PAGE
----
python -c "import cProfile; cProfile.run('from scipy import special; special.binom(4,3)')"

In this case, I was able to see that the first execution boils down to a system call into scipy.special.orthogonal_eval and Googling this module revealed that we are talking about a shared library, built as the file orthogonal_eval.so and I found this nice page with the source code.

You can see the full function definition of binom there, which includes a standard calculation of the factorials involved in the formula for small values, and some approximation with other special functions (I see some calls to "Gamma", "beta" and "lbeta" defined in some file called cephes.h).

Looks pretty standard -- if I needed to, I can go dig around that .h file and Google some more and probably find a long-standing C library of special functions at the bottom of all of that.

Meanwhile, for misc.comb first consider that the regular documentation of this is available (whereas, for me, it is not available for binom).

The docstring says there is a possible 3rd argument, exact which can be set to something other than 0 if you don't want a float to be returned. In that case, a long is returned, but you could cast to int if you'd like.

This explains the precision question. You can read in orthogonal_eval how if k is relatively small, and the answer will give an integer (integer arguments), then something with less round off error is used. Whereas comb will only do this if you say exact=1 (or anything else such that exact != 0).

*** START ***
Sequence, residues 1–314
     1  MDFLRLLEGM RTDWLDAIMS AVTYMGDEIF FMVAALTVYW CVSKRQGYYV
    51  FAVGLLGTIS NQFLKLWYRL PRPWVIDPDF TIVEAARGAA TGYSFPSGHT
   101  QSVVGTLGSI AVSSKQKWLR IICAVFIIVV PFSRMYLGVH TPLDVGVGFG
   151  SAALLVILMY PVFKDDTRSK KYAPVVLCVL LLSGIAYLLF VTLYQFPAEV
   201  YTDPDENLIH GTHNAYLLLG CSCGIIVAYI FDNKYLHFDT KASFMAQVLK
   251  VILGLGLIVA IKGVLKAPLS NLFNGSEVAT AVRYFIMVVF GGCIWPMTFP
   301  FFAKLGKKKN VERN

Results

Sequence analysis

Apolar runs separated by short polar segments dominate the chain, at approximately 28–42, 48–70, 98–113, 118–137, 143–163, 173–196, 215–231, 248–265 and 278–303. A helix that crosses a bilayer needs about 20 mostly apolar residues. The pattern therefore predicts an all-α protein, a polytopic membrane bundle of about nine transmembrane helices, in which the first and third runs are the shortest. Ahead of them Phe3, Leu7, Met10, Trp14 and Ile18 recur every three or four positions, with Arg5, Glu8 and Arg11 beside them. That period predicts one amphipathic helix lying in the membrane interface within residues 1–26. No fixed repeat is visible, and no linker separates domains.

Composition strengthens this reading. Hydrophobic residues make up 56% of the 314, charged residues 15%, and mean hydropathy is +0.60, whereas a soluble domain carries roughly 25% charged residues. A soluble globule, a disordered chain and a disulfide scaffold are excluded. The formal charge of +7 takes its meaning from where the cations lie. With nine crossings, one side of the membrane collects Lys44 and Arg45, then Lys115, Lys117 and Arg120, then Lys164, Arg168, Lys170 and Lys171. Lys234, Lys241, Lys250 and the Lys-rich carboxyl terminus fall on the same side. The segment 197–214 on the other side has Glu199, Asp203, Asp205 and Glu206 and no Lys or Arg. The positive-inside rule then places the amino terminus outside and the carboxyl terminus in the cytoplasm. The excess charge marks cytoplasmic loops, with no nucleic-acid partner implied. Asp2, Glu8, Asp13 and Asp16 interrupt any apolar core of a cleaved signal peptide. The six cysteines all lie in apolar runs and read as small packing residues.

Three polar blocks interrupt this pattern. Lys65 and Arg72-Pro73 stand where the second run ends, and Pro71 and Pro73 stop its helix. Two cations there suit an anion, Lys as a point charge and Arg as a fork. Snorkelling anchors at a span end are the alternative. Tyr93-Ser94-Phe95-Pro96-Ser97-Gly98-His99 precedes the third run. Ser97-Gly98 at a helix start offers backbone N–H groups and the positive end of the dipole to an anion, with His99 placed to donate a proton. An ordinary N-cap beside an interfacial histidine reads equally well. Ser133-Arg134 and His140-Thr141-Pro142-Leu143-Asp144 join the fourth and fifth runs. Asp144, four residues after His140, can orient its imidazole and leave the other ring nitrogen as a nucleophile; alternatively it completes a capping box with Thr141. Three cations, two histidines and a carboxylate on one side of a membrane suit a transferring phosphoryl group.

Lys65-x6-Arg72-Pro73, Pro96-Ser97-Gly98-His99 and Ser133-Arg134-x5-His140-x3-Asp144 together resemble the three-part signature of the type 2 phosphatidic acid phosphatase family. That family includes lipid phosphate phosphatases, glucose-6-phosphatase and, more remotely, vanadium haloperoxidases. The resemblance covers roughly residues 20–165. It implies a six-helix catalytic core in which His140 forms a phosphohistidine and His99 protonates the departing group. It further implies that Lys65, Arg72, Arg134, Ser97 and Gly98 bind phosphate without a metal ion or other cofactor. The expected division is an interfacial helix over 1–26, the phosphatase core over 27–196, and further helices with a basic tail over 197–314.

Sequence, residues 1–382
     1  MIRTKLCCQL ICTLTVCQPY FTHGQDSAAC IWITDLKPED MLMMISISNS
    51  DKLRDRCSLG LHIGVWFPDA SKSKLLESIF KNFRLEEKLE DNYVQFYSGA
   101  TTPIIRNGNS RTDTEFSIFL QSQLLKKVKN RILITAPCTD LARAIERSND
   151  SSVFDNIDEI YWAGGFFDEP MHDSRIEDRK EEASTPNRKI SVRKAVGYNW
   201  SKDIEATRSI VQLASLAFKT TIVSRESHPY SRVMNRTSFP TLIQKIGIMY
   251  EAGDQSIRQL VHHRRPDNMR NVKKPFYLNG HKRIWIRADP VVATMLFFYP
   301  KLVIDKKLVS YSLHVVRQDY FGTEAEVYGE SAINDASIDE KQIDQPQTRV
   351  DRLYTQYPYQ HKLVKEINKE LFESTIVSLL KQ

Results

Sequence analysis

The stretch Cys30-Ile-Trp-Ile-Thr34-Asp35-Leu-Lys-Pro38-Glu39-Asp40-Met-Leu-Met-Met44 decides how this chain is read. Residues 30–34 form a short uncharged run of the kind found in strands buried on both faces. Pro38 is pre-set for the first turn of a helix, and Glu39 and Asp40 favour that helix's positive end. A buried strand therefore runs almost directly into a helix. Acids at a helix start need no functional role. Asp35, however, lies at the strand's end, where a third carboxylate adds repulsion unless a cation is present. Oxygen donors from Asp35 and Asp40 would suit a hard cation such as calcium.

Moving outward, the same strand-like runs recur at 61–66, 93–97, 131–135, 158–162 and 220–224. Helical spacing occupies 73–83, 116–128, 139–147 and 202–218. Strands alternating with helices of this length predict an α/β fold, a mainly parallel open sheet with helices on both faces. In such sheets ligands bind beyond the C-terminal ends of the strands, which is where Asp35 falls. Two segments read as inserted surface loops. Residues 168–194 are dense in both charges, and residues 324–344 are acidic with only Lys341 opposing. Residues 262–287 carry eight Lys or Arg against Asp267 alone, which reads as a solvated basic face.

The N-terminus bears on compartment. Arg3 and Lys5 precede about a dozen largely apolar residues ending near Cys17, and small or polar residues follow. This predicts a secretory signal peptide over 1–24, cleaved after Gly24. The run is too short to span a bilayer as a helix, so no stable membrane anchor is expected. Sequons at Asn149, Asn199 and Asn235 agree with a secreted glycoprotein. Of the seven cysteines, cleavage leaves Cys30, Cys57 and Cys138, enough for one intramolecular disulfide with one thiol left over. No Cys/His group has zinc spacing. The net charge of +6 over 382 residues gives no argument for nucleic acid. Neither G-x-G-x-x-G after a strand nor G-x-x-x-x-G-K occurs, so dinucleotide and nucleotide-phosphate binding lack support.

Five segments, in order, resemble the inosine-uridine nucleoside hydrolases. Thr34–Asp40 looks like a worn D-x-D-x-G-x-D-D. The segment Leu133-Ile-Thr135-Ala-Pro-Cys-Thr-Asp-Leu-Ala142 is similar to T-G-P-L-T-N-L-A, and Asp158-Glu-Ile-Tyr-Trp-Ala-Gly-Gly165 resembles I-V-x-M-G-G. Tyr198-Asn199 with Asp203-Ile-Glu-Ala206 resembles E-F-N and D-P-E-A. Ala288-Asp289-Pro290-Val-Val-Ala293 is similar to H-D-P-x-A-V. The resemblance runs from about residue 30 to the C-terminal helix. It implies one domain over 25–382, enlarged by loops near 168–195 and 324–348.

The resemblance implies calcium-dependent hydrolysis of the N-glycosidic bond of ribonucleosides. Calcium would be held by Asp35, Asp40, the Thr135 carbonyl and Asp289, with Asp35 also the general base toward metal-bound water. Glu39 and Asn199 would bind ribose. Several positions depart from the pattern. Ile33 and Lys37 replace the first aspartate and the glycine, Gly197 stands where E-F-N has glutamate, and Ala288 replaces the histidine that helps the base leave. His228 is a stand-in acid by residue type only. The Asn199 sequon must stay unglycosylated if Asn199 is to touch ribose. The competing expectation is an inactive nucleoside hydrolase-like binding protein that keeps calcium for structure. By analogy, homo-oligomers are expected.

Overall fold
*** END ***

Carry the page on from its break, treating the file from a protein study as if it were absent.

As for the code that comb is executing, well, we can view the source that's linked from the SciPy documentation page.

This function is also making use of some helper function calls from scipy.special but the mix between what is called in the Python layer vs. the C layer is different, and the implementation for the approximation part is slightly different as well.

I'm not sure what level of specificity you need, but I would say that for most purposes, this level of detail should suffice: binom is implemented directly in the C extension layer in orthogonal_eval and makes some tweaks to reduce precision issues for small inputs. misc implements the small input stuff in Python directly and makes use of special calls without passing through binom itself -- so there was some amount of reinventing the wheel for whoever programmed these. Since they mix and match function calls between the Python layer and C layer, it's not surprising that there would be some precision differences.

share|improve this answer
Thank you. I suppose what I don't understand is why they both exist. –  Anush Feb 3 '14 at 21:46
Other than the unsatisfying "because two different people developed these at two different times," this might be a good opportunity for dissolving the question. –  Mr. F Feb 3 '14 at 21:47
(+1) Great answer. @Anush: a why question is a good one. I guess it just so happened a while back that scipy.special wraps at least two good ol' specfun libraries, amos and cephes (and a few more things from here and there). If you feel like helping to clean it, help is appreciated: github.com/scipy/scipy/… –  ev-br Feb 3 '14 at 21:54